PROGRAM IN RUSSIAN STUDIES
429 Murray Krieger
Hall; (949) 824-3961
Lora Mjolsness, Director
Minor Program / Courses
Michael A. Green, Ph.D. University of California, Los Angeles, Professor Emeritus of Russian (eighteenth-century Russian theatre and literary theory, Pushkin, Chekhov, Kuzmin, Russian Symbolist theater, cabaret theatre, Russian literature and theater of the 1920s)
Victorina Lefebvre, Ph.D. Lomonosov Moscow State University, Lecturer in Russian (methods of teaching, comparative study of Soviet and American culture, Russian language and literature)
Lynn Mally, Ph.D. University of California, Berkeley, Professor of History (modern Russian and Soviet history)
Lora Mjolsness, Ph.D. University of Southern California, Director of the Program in Russian Studies and Lecturer in Russian (nineteenth- and twentieth-century and contemporary children's literature; Soviet and Russian animation; Russian folklore)
Spanning both Europe and Asia, Russia is one of the world's dominant political entities. Its rich cultural traditions have enhanced world literature, theater, art, and dance. As the world's first socialist state, it became a major political rival of the United States after the Second World War. In the past decade, Russians have abandoned their socialist system and are now in the process of making a rocky transition to capitalism. Although Russia lost sizeable amounts of territory in this transition, the Russian language now serves as the lingua franca throughout many areas formerly controlled by the Soviet Union.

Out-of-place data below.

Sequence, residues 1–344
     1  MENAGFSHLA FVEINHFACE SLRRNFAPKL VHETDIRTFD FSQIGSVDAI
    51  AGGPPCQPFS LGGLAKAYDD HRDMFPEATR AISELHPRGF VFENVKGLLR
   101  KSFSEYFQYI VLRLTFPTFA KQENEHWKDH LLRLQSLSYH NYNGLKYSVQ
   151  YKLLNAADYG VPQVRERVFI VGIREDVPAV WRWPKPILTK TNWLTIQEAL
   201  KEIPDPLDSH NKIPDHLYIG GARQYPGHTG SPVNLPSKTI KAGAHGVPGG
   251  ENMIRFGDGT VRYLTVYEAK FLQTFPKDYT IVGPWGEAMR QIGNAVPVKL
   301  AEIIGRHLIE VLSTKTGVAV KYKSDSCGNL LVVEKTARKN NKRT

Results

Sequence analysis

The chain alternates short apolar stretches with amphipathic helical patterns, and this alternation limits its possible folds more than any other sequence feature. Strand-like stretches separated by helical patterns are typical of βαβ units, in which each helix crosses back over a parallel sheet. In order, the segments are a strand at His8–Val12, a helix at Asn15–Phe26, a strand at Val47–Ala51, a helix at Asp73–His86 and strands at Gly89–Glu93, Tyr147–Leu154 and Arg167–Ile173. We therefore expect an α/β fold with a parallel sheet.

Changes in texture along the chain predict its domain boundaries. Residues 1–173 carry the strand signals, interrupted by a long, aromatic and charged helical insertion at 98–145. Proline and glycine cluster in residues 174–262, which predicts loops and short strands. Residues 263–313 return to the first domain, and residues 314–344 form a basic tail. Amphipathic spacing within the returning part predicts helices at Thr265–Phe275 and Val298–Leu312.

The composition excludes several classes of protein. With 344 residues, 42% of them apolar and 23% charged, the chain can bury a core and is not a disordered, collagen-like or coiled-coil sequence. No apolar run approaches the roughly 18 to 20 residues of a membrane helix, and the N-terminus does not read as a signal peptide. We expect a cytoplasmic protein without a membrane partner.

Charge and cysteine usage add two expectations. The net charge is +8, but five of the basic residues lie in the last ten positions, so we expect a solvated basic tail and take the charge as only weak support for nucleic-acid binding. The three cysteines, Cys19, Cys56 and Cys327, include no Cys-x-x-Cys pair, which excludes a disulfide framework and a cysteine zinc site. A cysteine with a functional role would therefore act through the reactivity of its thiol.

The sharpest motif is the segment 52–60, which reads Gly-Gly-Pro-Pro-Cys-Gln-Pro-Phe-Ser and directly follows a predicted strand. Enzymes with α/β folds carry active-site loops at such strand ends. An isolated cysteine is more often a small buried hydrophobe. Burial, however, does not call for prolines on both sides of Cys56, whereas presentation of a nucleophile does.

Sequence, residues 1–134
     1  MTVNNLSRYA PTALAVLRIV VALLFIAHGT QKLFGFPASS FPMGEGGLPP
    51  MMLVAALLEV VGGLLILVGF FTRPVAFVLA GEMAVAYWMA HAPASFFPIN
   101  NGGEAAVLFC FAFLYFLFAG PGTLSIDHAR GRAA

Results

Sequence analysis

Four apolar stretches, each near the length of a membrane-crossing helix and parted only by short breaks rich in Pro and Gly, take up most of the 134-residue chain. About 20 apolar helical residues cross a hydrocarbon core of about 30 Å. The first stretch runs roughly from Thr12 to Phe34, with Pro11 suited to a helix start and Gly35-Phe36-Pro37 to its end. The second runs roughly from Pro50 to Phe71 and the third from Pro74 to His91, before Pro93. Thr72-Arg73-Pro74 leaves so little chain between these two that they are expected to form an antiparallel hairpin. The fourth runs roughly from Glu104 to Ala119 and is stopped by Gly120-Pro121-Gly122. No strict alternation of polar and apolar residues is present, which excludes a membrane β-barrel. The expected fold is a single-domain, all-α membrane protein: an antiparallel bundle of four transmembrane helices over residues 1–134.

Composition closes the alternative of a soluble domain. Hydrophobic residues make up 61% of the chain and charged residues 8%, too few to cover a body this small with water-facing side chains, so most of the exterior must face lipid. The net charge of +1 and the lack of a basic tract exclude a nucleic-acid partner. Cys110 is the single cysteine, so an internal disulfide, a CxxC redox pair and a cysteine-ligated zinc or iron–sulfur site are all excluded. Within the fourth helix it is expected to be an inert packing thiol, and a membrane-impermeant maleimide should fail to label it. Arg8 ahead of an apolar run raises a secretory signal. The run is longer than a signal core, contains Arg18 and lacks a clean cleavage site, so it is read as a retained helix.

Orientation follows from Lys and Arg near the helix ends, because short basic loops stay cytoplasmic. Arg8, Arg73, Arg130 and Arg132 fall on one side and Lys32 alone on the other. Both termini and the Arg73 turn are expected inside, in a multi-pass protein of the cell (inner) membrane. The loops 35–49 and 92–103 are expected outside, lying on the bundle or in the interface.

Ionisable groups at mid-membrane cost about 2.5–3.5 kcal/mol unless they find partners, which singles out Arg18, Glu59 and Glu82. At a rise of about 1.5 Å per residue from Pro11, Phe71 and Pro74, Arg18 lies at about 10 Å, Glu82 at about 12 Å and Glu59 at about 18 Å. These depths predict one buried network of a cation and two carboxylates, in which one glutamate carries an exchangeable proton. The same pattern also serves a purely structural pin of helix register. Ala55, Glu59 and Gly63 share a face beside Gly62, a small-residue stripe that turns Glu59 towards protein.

While the demand for specialists in various sectors of government has eased, relationships between our countries at other levels of society are growing more active and business opportunities are exciting and rewarding. Other areas in which the need for Russian language competence is evident right now include trade, environmental protection, social services, law, medicine, and technology.
All students in Russian language courses are encouraged to take part in the UC Education Abroad Program and spend a portion of their junior or senior year studying in Russia. Additional information is available in the Study Abroad Center section of this Catalogue.
The Russian Studies minor is a multidisciplinary curriculum combining the Humanities, Social Sciences, and Social Ecology. It is designed to introduce students to the rich history and culture of Russia and provide them with the intellectual and linguistic tools necessary for sustained engagement with this area of the world.
REQUIREMENTS FOR THE MINOR
Language Other Than English Placement and Progression: See page 253.
Russian 1A-B-C, 2A-B-C, 50 (three different topics); 16 units of upper-division courses selected from the following: Russian 140, 150, 190, 199, appropriate Comparative Literature courses, History 124A, 124B, 190 (when topics are related to Russia), Political Science 152D, 159 (when topics are related to Russia), Anthropology 136D, 164P (same as Political Science 154F). A maximum of four units may be chosen from the following courses devoted in part to Russian themes: History 114, 126A, 126B, 126C, 158A, Political Science 142D, 142F, 143E, and Social Ecology E113 (same as International Studies 121).